Organic Diets Significantly Lower Children's Dietary Exposure to Organophosphorus Pesticides

Chensheng Lu; Kathryn Toepel; Rene Irish; Richard A. Fenske; Dana B. Barr; Roberto Bravo


Environ Health Perspect. 2006;114(2):260-3. 

In This Article

Abstract and Introduction

We used a novel study design to measure dietary organophosphorus pesticide exposure in a group of 23 elementary school-age children through urinary biomonitoring. We substituted most of children's conventional diets with organic food items for 5 consecutive days and collected two spot daily urine samples, first-morning and before-bedtime voids, throughout the 15-day study period. We found that the median urinary concentrations of the specific metabolites for malathion and chlorpyrifos decreased to the nondetect levels immediately after the introduction of organic diets and remained nondetectable until the conventional diets were reintroduced. The median concentrations for other organophosphorus pesticide metabolites were also lower in the organic diet consumption days; however, the detection of those metabolites was not frequent enough to show any statistical significance. In conclusion, we were able to demonstrate that an organic diet provides a dramatic and immediate protective effect against exposures to organophosphorus pesticides that are commonly used in agricultural production. We also concluded that these children were most likely exposed to these organophosphorus pesticides exclusively through their diet. To our knowledge, this is the first study to employ a longitudinal design with a dietary intervention to assess children's exposure to pesticides. It provides new and persuasive evidence of the effectiveness of this intervention.

The National Research Council (NRC) report Pesticides in the Diets of Infants and Children (NRC 1993) concluded that dietary intake represents the major source of pesticide exposure for infants and children, and this exposure may account for the increased pesticide-related health risks in children compared with adults. However, direct quantitative assessment of dietary pesticide exposure in children to support this conclusion is no simple task: Several studies (Adgate et al. 2000; Fenske et al. 2002; Gordon et al. 1999; MacIntosh et al. 2001) have analyzed pesticides in representative samples of children's food, and only two have used biologic monitoring to specifically examine dietary exposures (Curl et al. 2003; MacIntosh et al. 2001). The paucity of exposure data renders the debate over pesticide-related health risks in children controversial (Flower et al. 2004; Garry 2004; Reynolds et al. 2005). Nevertheless, those studies have provided valuable information on dietary pesticide exposure among children and have prompted the needs to improve research methods in order to better assess children's exposure to pesticides through dietary intake.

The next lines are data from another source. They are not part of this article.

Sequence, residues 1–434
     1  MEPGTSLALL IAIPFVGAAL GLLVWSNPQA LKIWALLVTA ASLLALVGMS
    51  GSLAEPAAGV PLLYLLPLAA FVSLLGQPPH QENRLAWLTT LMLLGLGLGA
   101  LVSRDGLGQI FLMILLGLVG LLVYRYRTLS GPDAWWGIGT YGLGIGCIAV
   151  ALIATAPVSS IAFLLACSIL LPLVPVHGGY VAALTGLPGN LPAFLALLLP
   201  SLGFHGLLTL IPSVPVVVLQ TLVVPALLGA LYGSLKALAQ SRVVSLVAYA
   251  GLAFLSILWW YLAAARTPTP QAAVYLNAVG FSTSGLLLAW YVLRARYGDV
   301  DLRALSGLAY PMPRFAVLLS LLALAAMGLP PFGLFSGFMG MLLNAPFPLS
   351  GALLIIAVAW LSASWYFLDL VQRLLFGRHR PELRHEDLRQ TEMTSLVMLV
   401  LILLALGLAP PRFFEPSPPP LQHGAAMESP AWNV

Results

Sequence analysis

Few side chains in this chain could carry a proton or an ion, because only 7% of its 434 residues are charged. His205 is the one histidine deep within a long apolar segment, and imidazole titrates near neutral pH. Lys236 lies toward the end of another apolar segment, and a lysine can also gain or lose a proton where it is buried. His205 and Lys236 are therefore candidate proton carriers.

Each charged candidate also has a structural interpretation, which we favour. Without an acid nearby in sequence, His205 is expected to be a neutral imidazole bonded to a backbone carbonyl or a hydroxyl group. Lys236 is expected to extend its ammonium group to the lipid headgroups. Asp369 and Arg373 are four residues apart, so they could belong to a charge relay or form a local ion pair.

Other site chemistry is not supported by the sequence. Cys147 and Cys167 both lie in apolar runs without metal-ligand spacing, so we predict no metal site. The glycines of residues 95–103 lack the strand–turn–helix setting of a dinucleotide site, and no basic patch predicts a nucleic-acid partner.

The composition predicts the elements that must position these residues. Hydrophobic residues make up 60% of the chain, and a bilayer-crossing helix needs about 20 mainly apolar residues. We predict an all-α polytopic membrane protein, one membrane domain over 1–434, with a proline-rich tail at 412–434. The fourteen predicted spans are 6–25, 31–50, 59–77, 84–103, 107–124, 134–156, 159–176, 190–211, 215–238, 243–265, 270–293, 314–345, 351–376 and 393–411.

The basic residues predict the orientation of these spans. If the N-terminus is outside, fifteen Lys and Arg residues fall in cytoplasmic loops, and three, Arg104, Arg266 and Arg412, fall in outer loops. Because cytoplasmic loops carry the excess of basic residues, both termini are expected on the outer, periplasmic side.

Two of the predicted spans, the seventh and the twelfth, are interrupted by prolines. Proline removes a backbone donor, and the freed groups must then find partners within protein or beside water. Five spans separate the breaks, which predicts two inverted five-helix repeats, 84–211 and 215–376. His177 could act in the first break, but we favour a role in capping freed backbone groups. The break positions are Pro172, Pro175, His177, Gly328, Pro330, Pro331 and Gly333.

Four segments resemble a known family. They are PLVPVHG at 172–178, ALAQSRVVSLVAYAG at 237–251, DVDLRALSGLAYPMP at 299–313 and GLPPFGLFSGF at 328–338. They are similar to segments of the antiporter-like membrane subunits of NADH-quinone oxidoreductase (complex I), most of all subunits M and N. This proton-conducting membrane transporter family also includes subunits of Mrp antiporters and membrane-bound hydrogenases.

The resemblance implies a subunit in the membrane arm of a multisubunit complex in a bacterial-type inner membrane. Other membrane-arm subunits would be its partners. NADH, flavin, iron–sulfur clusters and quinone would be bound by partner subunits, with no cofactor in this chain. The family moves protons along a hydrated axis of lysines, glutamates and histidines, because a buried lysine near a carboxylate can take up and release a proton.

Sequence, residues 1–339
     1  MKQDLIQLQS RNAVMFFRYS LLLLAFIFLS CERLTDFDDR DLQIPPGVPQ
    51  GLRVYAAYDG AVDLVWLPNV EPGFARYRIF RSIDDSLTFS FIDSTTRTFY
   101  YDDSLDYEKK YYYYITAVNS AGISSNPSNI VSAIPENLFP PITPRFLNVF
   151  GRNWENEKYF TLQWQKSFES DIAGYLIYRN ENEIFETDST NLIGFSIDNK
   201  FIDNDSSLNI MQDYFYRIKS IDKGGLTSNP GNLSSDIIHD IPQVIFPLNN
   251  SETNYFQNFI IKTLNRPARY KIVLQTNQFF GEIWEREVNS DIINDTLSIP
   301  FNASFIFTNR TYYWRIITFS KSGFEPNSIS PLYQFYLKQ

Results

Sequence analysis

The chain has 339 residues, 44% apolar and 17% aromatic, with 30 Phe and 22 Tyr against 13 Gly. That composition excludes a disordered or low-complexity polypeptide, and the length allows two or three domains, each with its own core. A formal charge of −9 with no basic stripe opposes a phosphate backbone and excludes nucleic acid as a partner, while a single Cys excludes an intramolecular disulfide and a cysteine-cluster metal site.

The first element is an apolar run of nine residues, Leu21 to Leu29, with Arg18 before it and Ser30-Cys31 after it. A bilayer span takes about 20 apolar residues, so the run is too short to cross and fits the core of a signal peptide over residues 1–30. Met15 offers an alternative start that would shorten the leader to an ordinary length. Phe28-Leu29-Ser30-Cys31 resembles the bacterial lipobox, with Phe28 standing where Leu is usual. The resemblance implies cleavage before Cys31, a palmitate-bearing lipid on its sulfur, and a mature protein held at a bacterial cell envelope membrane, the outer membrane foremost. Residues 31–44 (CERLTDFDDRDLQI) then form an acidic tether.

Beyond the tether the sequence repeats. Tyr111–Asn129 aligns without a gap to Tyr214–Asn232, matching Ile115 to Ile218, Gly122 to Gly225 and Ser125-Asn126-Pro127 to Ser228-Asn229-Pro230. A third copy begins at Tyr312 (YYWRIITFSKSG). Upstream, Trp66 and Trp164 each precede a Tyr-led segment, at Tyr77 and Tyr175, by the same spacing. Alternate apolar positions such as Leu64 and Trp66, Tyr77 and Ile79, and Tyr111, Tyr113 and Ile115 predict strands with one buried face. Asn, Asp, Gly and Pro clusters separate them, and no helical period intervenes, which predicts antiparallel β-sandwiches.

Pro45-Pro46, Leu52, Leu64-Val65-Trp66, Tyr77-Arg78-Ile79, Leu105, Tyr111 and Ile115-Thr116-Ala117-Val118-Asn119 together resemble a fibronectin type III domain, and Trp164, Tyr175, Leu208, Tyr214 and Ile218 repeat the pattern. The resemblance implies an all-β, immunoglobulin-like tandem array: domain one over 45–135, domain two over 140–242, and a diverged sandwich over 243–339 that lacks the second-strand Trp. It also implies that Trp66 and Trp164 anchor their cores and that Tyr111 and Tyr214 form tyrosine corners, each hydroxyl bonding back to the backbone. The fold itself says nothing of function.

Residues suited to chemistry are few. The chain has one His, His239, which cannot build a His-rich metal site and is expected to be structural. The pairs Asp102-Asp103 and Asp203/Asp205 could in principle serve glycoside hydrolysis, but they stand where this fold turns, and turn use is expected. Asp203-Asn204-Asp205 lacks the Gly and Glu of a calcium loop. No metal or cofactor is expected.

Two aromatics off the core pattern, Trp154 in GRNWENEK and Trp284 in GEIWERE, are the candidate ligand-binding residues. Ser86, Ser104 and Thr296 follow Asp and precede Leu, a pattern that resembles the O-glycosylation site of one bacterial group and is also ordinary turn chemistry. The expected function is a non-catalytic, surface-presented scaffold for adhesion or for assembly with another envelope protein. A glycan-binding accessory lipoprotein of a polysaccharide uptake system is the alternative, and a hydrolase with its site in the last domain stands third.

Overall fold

The primary objective of this study is to use a novel study design to determine the contribution of daily dietary pesticide intake to the overall pesticide exposure in a group of elementary school-age children using a longitudinal approach. Here we report only results of urinary specific metabolites of organophosphorus (OP) pesticides, a group of insecticides known to cause neurologic effects in animals and humans, for the summer 2003 sampling period. Results of pyrethroid pesticides for the same summer sampling period, as well as results from other sampling periods, will be reported as soon as they become available.


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